"One element I reject out of hand is that there shouldn't be discretion in the system," Ehrlich said. "The state's attorneys all run on different [campaign] platforms. Their views are approved by a majority of voters in their communities. You would expect different results in different jurisdictions, and that's what you get."
Ehrlich, who aggressively courted African American voters during his gubernatorial campaign, declined to comment on Paternoster's findings of racial bias. He said he and Steele will review every death warrant, and "if I'm not comfortable with any aspect of the case, we won't go forward."
Masters said that the administration clearly must respond to the study but indicated that Ehrlich has yet to decide what form that response would take.
Steele's idea for a second study won praise from a Democratic lawmaker who has played a leading role in challenging the fairness of the death penalty. Del. Salima Siler Marriott (Baltimore) said she is drafting legislation to create a panel, with Steele as chairman, to review the Paternoster study and propose ways to change state law.
"It is not responsible to ignore this study, but it didn't come with any recommendations," Marriott said. "I think the idea of a commission is the perfect way to go."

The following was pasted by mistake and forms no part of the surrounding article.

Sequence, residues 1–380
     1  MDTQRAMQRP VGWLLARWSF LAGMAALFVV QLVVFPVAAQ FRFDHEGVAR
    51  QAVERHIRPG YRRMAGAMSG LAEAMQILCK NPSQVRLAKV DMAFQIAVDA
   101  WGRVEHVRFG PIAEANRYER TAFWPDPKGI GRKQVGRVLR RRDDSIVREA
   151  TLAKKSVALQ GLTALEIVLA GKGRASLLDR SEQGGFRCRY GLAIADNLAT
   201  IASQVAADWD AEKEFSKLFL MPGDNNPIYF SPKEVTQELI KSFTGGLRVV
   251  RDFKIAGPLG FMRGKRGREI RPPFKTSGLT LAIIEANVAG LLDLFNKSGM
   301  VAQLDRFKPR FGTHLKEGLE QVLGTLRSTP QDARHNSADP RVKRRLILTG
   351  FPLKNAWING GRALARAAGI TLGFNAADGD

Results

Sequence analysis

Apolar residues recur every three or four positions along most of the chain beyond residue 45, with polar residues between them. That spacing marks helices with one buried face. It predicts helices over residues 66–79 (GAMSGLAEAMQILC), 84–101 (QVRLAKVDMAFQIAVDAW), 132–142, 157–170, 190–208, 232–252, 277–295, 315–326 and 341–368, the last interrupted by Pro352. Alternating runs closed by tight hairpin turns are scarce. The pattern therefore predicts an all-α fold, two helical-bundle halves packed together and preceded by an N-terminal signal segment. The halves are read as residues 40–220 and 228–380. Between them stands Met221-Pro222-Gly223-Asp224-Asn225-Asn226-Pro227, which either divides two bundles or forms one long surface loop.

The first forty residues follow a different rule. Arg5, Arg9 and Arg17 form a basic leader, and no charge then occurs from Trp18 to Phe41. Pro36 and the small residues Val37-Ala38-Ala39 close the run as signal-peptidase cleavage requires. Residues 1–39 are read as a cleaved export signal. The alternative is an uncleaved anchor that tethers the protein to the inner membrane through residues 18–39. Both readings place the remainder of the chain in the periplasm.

Steele, a Roman Catholic, is bracing for his first up-close experience with the death penalty, which he fervently opposes on religious grounds. Regardless of how Ehrlich proceeds, Steele said, he intends to serve as an advocate for mercy.
"I feel it is important to relay to the governor and respond to the question of: Should we do this? What is to be gained beyond providing satisfaction to someone who wants to see this individual die?" Steele said.
"There may be a case that comes across his desk where the evidence and the facts and the situation compel him to let this person live, despite his belief in capital punishment," Steele said. "Likewise, despite my fervent belief in life, I'm not for the death penalty -- there may be a case that comes across my desk that's so egregious, so heinous, so beyond the pale that the course of action taken by the state to bring about justice is appropriate.
"That's one where I'll spend time with my priest, I'm sure," he said.